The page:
There is a link to other glacial image pairs on the Misc Materials page.
The eia reports on battery storage capacity in their post Utility-scale battery storage capacity continues its upward tend in 2018 by Alex Mey, Vikram Linga, & Patricia Hutchins (8/10/2020). Their main chart is copied here.
By the end of 2018, the United States had 125 operational battery storage systems, providing a total of 869 MW of installed power capacity and 1,236 MWh of energy capacity.
There are two other graphs in the post including which regions have the most storage capacity (can you guess before you look?). There are also links to data.
The PEW article Americans Who Mainly Get Their News on Social Media Are Less Engaged, Less Knowledgeable by Amy Mitchell, Mark Jurkowitz, J. Baxter Oliphant and Elisa Shearer (7/30/2020) answers the question with the graph copied here.
As of late last year, 18% of U.S. adults say they turn most to social media for political and election news. That’s lower than the share who use news websites and apps (25%), but about on par with the percent who say their primary pathway is cable television (16%) or local television (16%), and higher than the shares who turn to three other pathways mentioned in the survey (network TV, radio and print).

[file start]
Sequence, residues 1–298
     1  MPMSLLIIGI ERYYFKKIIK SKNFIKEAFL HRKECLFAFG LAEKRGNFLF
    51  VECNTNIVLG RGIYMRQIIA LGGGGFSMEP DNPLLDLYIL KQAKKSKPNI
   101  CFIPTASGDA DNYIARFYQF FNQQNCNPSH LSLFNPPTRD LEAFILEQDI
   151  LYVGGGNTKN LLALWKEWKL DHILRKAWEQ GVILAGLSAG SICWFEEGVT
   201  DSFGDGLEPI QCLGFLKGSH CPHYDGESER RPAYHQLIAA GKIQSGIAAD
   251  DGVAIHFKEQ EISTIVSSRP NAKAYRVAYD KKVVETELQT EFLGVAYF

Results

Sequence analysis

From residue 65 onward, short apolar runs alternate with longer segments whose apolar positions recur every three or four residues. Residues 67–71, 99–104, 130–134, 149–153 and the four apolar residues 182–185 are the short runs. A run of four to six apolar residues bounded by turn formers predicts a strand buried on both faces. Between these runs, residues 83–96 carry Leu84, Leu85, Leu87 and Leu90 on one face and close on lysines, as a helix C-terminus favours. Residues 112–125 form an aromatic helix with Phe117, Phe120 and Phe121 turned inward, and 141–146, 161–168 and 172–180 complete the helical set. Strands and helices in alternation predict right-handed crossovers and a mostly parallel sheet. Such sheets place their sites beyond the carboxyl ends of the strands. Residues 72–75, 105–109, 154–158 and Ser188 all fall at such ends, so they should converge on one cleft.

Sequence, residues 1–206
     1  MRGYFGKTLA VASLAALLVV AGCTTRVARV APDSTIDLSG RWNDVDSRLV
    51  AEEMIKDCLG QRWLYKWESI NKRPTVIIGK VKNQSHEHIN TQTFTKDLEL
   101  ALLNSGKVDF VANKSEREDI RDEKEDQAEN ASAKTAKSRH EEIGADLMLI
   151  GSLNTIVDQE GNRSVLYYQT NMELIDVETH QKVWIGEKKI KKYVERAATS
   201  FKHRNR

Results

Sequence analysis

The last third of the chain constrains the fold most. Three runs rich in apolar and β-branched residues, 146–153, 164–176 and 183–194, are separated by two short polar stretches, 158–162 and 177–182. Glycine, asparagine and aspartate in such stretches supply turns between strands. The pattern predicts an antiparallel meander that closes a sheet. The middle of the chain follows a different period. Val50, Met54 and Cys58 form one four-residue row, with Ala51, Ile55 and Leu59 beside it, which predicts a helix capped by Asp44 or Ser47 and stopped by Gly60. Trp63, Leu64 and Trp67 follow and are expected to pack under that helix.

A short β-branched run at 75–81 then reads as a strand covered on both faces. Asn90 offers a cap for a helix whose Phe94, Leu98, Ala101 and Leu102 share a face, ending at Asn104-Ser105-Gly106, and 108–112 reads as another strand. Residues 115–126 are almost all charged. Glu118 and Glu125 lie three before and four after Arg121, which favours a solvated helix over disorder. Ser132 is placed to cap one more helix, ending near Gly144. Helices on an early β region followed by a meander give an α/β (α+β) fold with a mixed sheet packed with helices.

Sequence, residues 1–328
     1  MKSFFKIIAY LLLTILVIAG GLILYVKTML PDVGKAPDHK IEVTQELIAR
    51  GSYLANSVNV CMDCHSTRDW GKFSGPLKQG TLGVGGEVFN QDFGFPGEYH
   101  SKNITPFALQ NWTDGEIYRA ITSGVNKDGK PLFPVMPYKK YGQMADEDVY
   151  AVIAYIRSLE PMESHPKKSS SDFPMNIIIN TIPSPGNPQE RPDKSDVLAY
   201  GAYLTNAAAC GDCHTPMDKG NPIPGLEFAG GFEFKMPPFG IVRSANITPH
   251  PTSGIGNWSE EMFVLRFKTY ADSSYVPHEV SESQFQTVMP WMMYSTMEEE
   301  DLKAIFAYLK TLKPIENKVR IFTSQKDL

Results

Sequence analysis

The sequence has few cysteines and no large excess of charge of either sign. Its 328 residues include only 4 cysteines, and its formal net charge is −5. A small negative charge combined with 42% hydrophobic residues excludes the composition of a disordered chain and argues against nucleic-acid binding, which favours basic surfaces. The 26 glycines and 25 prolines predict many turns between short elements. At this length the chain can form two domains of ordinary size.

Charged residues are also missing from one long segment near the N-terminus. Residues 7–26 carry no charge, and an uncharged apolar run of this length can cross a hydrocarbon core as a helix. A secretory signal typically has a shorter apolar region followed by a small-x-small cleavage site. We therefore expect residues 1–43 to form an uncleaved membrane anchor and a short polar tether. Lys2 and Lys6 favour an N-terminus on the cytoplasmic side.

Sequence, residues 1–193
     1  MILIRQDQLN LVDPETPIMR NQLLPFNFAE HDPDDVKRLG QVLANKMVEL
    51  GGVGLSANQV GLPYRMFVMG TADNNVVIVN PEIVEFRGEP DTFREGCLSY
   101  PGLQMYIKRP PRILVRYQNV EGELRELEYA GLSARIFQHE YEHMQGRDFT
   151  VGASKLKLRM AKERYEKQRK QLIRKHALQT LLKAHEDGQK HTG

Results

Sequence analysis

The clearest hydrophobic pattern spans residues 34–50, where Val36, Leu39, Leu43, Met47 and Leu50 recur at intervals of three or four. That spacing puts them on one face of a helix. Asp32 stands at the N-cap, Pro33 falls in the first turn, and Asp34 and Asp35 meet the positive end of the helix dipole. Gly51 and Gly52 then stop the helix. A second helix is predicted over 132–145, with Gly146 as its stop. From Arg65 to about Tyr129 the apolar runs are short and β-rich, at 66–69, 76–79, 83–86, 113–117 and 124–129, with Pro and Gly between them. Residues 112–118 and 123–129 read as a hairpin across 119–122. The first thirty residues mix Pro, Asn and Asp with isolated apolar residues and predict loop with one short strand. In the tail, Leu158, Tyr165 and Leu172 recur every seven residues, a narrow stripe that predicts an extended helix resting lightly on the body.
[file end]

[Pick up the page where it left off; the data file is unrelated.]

One specific set of nine questions focused on foundational political knowledge, such as the federal budget deficit and which party supports certain policy positions. Researchers created an index of high, middle or low political knowledge based on how many of these nine questions respondents got right (high knowledge answered eight to nine questions correctly, middle got six or seven right and low got five or fewer right; see here for more details of the political knowledge index). While at least four-in-ten individuals who turn mainly to news websites and apps (45%), radio (42%) and print (41%) for news fall into the high political knowledge category, the same is true of just 17% of those who turn most to social media. Only those in the local TV group scored lower, with 10% in the high political knowledge category.
Even as Americans who primarily turn to social media for political news are less aware and knowledgeable about a wide range of events and issues in the news, they are more likely than other Americans to have heard about a number of false or unproven claims.
This is an extensive article with numerous charts and graphs. There is also a detailed methodology section.
The great lakes observing system has a Great Lakes Buoy Portal that provides access to data from great lakes buoys. The link first takes one to a map where buoys can be selected. For example, buoy 45028 is near Duluth, MN. The interactive graph on the page is copied here. There are other data sets which include, wind speed, wind gust, wind direction, wave height, air temp, solar radiation, along with water temp at various depths. The data download button on the page allows users to select data over various time periods. GPS coordinates of the buoy are also given. There is a lot of data here waiting to be used in a classroom.
NASA’s Vital Signs of the Planet Sea Level Sea Level page provides data on sea level. For example, since 1993 sea level has increased by about 94mm, but this is an average. In their Sea Level 101, Part Two: All Sea Level is `Local’ by Alan Buis (7/14/2020) they provide the map copied here. There is noticeable variation in sea level change around the globe. They note: